Much of the world appears to be moving toward or has already arrived in a period of economic contraction. Price inflation, primarily attributed to energy costs along with supply chain malfunctions, accompany this contraction. Many corporate decision-makers have never managed through an economic situation like this. Over the past several years we have seen older generations of leaders leave their roles. This exit of matured talent contributes to a knowledge and experience gap that leaves many firms with a void in personal experience and knowledge.
What is the role of market research during a recession?
When corporate executives ask me how I create value, or what is my reason for being, I usually say that as a market researcher I reduce decision risk. That is, after all, what we as market researchers do. I am including analytics researchers, user experience designers, ethnographers, and other interdisciplinary siblings and cousins in that statement. Someone has a choice to make and rather than depend on their psychic abilities they turn to experts on human behavior to reduce the chance of making an economic and career-derailing error.
The knee-jerk reaction to an economic storm is to reduce program costs and personnel expenses. But when economic uncertainty and corporate inexperience merge, decision risk is magnified, and the demand for market research should increase.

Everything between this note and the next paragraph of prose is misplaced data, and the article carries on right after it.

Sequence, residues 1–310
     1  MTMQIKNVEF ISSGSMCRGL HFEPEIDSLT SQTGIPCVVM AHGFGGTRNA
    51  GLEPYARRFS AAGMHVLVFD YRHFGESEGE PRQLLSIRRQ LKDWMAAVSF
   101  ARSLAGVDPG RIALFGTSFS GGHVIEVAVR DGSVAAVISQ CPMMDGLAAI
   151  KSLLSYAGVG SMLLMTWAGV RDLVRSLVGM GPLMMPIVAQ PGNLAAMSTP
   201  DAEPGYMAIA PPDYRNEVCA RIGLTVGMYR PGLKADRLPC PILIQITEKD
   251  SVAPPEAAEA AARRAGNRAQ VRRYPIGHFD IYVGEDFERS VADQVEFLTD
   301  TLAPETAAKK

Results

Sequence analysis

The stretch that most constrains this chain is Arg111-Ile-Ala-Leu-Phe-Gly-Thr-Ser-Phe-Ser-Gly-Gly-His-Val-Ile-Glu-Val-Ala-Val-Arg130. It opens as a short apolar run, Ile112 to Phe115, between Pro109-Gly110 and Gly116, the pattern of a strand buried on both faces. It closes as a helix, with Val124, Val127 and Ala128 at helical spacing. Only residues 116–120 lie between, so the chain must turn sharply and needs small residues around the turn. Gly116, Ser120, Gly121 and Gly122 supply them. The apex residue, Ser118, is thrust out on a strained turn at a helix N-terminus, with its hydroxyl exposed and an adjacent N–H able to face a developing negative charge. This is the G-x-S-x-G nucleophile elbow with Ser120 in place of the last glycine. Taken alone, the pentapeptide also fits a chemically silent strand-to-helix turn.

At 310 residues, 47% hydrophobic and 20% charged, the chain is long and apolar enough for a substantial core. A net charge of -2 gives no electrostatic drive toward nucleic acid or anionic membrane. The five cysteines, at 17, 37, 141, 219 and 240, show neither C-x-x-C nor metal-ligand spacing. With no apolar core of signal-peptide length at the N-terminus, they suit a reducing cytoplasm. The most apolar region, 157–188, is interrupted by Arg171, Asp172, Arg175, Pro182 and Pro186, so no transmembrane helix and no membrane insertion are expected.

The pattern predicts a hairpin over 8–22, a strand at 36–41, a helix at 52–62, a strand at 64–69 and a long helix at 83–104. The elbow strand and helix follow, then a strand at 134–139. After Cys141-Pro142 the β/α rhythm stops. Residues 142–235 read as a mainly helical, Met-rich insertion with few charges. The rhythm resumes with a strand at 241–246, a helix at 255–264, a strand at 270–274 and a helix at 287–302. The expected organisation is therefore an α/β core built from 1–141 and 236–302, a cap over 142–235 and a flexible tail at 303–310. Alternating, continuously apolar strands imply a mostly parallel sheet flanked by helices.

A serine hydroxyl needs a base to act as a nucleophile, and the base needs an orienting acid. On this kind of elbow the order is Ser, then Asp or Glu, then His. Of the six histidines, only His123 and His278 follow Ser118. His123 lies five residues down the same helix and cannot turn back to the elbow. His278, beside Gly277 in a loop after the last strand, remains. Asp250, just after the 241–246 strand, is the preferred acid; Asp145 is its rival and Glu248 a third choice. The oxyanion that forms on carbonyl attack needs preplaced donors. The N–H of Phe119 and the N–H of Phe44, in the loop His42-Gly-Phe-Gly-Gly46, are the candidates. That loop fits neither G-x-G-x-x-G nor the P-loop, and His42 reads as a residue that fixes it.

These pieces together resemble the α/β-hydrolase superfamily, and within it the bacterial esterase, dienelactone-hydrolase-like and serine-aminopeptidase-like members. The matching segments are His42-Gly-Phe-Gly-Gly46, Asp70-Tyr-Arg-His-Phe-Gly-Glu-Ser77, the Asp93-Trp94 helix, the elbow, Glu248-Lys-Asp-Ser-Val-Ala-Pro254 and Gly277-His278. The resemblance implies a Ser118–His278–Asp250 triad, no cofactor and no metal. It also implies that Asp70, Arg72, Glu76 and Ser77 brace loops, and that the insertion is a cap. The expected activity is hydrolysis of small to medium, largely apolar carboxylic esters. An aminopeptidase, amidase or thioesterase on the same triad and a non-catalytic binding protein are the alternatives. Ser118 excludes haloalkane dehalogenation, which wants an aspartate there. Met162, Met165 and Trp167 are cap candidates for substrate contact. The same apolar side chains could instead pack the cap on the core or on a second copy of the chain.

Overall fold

It is the responsibility both of client-side and supplier-side researchers to build the case for the right types of research to help partners and clients not only survive but thrive in a time where we are all looking through the glass darkly.
In times of uncertainty, research priorities should remain the same, but with greater importance placed on learning and recommendations.
Deeply understand whether you are selling to needs or wants
This economic situation is accompanied by a significant level of inflation. Some of that inflation appears to be associated with the drivers of the contraction such as energy costs and food costs linked to supply chain disruptions. Other price changes appear to be increasing because some decision makers are leveraging the current environment to raise prices. So basically, raising prices because they can, not because they must.
Increasing prices reduces demand which in turn leads to further program and staff cuts, creating a spiral of despair. In economically constrained conditions households should reduce or drop spending on wants before they cut spending on needs. If conditions continue to erode, households may be forced to make choices between needs such as, do I pay the rent or pay to repair the car so I can go to work? These types of decisions are extremely stressful and regretfully subject to irrational errors.
Our research should tell us whether different segments of our customer populations perceive our products and services as wants, that will be eliminated first, or needs that will be protected if possible. If we are selling to customer wants, raising prices may prove incredibly ill-timed and tone-deaf. Companies that survive may not only experience a loss of customers but irreparable damage to their brand image.
Conduct trade-off analysis to understand the priority placed on your products compared to a broad set of household expenses. You may be surprised by what you learn. Your trade-off analysis should also include substitute products for your offering. While the market may find the category of your offering to be a necessity, your specific product might be ripe for exchange with an alternative solution.